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Flight Attendants Win $77 Million in Wage Dispute with Virgin Airlines

A federal judge in California has awarded Virgin America flight attendants $77 million for violations of California’s wage and hour laws.

The flight attendants claimed that Virgin did not pay them for all the time they spent before, after, and between flights, for completing written reports, or for time spent training and undergoing required drug testing.  They also alleged that Virgin did not allow flight attendants to take meal or rest breaks, and that the airline failed to pay overtime and minimum wages.

Virgin argued that the California Labor Code should not apply because the flight attendants did not work principally or exclusively in California.  The court rejected that argument because it found that Virgin made compensation decisions from its headquarters in California.

After certifying a class of more than 1,000 flight attendants, the court granted summary judgment against Virgin and ordered the company to pay them $77 million.  The case is Bernstein et al. v. Virgin America Inc., No. 3:15-cv-02277 (N.D. Cal.).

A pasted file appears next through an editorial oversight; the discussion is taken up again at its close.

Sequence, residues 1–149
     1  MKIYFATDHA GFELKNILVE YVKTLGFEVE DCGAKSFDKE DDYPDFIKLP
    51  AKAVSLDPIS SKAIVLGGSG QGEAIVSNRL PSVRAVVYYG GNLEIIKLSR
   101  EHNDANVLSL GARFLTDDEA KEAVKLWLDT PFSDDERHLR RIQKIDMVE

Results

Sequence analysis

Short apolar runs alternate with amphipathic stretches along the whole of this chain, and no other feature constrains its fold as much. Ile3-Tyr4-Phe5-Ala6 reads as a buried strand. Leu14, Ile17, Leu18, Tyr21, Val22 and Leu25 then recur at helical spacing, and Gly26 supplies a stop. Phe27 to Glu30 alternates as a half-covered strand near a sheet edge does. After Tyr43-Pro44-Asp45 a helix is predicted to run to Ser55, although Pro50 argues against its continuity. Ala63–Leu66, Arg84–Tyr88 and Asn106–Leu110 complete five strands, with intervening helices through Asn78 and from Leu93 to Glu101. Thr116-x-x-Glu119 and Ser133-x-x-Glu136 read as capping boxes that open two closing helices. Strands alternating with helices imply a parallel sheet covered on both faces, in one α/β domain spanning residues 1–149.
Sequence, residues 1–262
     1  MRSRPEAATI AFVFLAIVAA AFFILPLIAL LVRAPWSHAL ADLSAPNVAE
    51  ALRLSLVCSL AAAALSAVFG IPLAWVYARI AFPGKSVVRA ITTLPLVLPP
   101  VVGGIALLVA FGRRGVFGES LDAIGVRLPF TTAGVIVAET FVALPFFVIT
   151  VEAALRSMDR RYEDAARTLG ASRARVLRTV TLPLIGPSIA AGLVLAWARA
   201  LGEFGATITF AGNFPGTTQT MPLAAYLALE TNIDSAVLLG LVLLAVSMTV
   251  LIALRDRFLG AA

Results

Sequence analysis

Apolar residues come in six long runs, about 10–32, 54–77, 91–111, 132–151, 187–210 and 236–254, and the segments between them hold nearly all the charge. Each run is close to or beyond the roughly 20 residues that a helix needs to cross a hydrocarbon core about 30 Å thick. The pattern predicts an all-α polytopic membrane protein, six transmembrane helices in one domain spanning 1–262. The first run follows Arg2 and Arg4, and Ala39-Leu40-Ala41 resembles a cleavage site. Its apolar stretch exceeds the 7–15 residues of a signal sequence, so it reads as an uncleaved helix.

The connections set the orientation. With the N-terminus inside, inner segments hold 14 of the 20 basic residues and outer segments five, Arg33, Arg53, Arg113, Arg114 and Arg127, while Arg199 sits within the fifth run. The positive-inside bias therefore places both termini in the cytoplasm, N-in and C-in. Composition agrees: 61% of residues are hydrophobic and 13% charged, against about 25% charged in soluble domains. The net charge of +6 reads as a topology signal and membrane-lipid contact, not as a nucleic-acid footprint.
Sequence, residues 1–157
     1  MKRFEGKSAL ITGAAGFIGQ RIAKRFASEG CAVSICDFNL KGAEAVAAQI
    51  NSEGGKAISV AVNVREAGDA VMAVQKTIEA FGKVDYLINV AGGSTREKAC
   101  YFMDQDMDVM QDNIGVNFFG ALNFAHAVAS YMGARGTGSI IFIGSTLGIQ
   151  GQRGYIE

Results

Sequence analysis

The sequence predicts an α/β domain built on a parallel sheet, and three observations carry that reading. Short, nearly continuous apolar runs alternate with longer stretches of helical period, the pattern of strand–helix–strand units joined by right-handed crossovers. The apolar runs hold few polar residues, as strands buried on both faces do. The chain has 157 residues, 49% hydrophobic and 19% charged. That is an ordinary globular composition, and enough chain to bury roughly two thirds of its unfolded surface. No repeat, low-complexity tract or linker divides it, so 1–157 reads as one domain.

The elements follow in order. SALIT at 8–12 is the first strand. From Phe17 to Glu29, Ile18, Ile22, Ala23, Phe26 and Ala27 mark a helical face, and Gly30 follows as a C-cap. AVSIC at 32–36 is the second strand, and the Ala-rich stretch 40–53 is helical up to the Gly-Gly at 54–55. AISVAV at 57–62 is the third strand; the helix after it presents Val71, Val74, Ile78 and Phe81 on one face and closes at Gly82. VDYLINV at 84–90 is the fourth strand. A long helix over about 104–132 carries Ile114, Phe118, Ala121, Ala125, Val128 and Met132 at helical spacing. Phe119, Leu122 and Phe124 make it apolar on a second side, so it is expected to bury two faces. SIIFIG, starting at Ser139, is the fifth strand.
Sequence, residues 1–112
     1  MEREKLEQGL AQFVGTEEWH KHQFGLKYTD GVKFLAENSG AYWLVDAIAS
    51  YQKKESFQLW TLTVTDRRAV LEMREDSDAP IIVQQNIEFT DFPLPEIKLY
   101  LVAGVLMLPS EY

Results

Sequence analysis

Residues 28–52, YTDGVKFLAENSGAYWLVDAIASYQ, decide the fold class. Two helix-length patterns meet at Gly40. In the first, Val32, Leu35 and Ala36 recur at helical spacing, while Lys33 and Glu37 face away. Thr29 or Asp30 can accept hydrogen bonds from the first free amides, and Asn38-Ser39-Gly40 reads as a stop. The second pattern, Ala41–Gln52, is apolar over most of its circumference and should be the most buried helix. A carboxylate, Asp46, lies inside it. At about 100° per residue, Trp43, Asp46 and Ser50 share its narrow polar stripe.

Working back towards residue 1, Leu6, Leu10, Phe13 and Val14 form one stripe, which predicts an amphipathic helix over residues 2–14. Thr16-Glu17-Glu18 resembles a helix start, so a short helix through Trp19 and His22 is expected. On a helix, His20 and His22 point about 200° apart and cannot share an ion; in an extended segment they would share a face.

This case highlights the importance of state and local laws when it comes to protecting the rights of workers.  In addition to California, the State and City of New York have passed employment laws that grant workers more protections than federal laws.  It is important that your lawyer understand all of your options to get the best result.

Many of these laws have strict deadlines for filing a claim.  If you have a dispute over your hours or wages, you should consult with an employment lawyer immediately to protect your rights.

To schedule a consultation with an experienced labor and employment lawyer, call John Howley, Esq. at (212) 601-2728.

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